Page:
Raleigh, NC – Falls caused the largest number of work-related fatal incidents in the Tar Heel state in 2019, based on preliminary information recently released by the N.C. Department of Labor. Falls accounted for 17 of the 53 fatal incidents that fell within the NCDOL, Occupational Safety and Health (OSH) Division’s jurisdictional authority. Struck-by incidents followed closely, accounting for 15 of the 53 fatal workplace deaths last year.
“It is critical that every employer ensures that new hires and existing employees are properly trained to do the jobs they are assigned to do and that they are provided with the proper safety equipment to do those jobs,” Labor Commissioner Cherie Berry said. “NCDOL has the tools to assist employers with proper training and safety equipment. Our goal and everyone’s goal should be that your employees go home safely to their families and loved ones at the end of the day. No goal is more important than that.”
Not all work-related fatal incidents fall within the jurisdictional authority of the OSH Division and therefore are not included in the OSH Division’s count. Traffic accidents, for instance, account for most work-related deaths each year and fall outside the division’s jurisdiction. Traffic accidents, along with homicides and suicides, are inspected by law enforcement.
The OSH Division fatality count excludes fatalities investigated by federal OSHA, sole proprietorships and other exemptions in which the department does not have the authority to investigate, such as on farms with 10 or fewer employees that have not had temporary labor camp activity within the previous 12 months. Federal figures compiled by the U.S. Bureau of Labor Statistics, with cooperation of NCDOL, include all work-related fatalities. The federal figures can be found on the BLS website. Fatality data for 2019 will be published in the fourth quarter of 2020.
The construction industry continues to be the most hazardous industry in the state, accounting for 20 work-related deaths, four more than in 2018. The N.C. Department of Labor will continue its special emphasis program for construction to maximize its resources and pinpoint problem areas.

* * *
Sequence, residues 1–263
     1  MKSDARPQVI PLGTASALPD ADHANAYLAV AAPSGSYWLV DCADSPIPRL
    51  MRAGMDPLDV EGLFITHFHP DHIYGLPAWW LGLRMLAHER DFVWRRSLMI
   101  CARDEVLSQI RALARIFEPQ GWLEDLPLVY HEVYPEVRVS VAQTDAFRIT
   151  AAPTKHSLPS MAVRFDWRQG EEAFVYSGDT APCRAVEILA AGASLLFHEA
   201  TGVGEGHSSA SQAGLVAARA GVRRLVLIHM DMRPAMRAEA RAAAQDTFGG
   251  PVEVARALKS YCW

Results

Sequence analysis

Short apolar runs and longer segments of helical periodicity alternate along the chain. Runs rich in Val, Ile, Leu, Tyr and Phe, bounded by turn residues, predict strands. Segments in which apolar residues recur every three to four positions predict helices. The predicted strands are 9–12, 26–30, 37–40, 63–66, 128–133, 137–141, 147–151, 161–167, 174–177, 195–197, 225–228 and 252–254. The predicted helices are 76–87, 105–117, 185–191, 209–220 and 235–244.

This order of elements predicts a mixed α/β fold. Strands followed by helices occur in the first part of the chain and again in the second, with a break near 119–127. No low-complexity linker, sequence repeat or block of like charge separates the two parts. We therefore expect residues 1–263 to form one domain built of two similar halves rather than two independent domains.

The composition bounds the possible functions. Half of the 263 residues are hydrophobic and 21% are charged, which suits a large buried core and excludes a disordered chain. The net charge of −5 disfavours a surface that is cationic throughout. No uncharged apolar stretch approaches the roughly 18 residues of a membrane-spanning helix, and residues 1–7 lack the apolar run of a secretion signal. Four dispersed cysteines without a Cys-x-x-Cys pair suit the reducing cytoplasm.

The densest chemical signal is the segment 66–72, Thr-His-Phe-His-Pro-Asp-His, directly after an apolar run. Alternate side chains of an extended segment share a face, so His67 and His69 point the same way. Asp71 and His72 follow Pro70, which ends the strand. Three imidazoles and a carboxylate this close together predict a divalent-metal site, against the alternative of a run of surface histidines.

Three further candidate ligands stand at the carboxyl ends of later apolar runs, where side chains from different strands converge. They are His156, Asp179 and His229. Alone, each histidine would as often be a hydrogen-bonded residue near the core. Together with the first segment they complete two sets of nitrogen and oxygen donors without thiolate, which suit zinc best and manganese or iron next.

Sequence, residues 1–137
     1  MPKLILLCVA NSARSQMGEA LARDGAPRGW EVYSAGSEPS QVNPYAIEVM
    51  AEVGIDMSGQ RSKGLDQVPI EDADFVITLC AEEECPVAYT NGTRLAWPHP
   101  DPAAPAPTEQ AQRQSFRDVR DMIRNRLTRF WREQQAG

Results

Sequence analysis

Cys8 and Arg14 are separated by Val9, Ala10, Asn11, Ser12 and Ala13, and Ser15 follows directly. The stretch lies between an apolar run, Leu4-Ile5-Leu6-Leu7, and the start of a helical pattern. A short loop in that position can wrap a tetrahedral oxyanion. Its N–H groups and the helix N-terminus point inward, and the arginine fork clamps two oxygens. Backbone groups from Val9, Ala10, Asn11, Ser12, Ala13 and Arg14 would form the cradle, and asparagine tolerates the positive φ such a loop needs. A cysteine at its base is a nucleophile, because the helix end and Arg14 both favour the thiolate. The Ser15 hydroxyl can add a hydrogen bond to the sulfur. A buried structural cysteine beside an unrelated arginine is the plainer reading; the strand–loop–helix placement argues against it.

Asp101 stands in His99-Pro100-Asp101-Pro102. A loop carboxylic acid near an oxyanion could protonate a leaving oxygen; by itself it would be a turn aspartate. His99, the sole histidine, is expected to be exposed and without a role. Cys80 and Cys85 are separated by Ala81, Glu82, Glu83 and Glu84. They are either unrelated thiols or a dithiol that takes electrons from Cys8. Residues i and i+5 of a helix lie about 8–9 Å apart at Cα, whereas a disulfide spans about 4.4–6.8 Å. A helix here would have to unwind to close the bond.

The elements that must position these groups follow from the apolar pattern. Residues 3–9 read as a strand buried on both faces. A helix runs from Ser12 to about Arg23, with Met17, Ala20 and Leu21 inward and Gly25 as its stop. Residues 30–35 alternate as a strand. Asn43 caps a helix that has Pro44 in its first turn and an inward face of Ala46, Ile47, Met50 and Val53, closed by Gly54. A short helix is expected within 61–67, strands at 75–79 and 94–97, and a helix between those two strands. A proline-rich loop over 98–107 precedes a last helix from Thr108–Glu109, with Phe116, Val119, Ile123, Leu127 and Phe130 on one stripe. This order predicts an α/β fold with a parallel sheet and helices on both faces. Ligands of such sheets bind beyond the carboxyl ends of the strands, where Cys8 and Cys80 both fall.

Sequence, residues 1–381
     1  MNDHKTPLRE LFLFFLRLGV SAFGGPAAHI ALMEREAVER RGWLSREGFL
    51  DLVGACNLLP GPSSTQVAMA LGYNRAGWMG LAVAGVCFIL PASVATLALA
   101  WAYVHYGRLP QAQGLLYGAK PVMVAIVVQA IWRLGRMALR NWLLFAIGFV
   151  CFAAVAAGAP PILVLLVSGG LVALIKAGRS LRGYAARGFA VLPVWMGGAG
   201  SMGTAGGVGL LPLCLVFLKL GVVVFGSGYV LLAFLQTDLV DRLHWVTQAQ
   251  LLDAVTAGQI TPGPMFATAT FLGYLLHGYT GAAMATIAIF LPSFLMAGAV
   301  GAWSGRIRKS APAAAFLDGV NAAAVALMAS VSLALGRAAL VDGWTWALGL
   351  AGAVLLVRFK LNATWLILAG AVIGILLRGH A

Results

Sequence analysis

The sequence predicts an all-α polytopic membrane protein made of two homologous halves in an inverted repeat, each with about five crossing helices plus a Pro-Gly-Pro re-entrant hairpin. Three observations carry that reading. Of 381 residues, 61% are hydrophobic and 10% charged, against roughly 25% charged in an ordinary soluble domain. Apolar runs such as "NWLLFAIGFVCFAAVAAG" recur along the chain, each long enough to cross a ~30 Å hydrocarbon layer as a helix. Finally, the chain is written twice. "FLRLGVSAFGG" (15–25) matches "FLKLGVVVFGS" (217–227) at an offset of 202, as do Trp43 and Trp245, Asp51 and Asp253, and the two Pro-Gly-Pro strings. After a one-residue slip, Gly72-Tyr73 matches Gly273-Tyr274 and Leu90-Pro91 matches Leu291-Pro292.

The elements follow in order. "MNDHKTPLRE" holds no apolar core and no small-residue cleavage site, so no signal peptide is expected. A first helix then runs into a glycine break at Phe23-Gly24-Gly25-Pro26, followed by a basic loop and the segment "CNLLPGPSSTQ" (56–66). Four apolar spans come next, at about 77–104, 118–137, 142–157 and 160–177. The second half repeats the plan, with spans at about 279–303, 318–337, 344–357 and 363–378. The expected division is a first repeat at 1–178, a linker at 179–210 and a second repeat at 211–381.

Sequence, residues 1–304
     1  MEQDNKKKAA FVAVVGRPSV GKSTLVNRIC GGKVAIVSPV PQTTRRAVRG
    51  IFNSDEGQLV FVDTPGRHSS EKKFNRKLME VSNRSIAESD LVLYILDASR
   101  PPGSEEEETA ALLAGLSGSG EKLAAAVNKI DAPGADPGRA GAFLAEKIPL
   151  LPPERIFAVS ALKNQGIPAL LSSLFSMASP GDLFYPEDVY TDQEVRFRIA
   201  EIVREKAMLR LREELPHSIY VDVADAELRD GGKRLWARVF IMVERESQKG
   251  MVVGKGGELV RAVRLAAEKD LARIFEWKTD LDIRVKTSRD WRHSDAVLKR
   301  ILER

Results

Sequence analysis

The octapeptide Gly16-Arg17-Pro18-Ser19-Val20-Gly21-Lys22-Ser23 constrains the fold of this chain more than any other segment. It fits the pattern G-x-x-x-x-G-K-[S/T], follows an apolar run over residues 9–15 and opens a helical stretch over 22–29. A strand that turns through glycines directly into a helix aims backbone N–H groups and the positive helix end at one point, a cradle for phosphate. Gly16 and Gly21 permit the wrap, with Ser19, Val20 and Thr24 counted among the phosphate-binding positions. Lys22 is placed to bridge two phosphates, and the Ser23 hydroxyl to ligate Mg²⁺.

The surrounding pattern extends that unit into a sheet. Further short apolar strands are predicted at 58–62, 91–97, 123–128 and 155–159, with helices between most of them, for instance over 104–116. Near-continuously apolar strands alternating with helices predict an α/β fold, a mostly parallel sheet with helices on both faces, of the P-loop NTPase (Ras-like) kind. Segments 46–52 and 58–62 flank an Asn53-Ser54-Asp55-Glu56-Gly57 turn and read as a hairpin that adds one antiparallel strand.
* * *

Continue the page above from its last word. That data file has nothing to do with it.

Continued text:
Part of the OSH Division’s strategy to reduce work-related fatalities includes encouraging employer and employee participation in various safety and health outreach activities. The OSH Division also works with businesses and organizations that represent some of the most hazardous industries through partnerships and alliances to heighten industry awareness and assist with education and training.
The OSH Division has participated in a federal OSHA campaign to prevent falls in construction for the past six years. This year the National Safety Stand-Down to prevent falls is scheduled for the week of May 4 through 8.
“I encourage all construction companies to participate in the stand-down and focus on fall prevention efforts on construction sites to help reduce these preventable deaths,” said Kevin Beauregard, director of the NCDOL OSH Division. “What is troubling about falls is that they can almost always be avoided with proper safety training and use of basic personal protective equipment. The OSH Division will increase construction-related activity in some counties in the spring, especially those identified as having high activity or multiple fatalities.”
One notable increase involved the transportation and public utilities industry, which tied for the second highest number of work-related deaths with eight, an increase from four in 2018. Manufacturing incidents remained the same with eight in 2019. Other increases in 2019 include the retail trade industry from one to three and the services industry from four to seven.
There were no work-related fatalities in 70 of North Carolina’s 100 counties. Mecklenburg County had the most work-related fatalities with seven, followed by Guilford County with four. Buncombe, Orange and Wake Counties each experienced three fatalities. Cabarrus, Carteret, Catawba, Durham, Edgecombe, Lincoln, Randolph and Surry Counties each experienced two fatal workplace incidents. Seventeen counties experienced one fatality.
Whites accounted for 31 of the 53 work-related fatalities. Hispanics accounted for 14. Blacks accounted for seven, and there was one Asian fatality. Men accounted for 50 of the 53 deaths. Women accounted for three workplace deaths.
While fatalities continue to fluctuate, North Carolina’s injury and illness rate has steadily declined since 2001 and remains at a historic low 2.4 per 100 full-time workers for 2018. The U.S. Bureau of Labor Statistics compiles the injury and illness rate data. The rate accounts for growth and contraction in total hours worked in industry, which is an important factor in a state like North Carolina that has experienced significant growth.
Source: NC DOL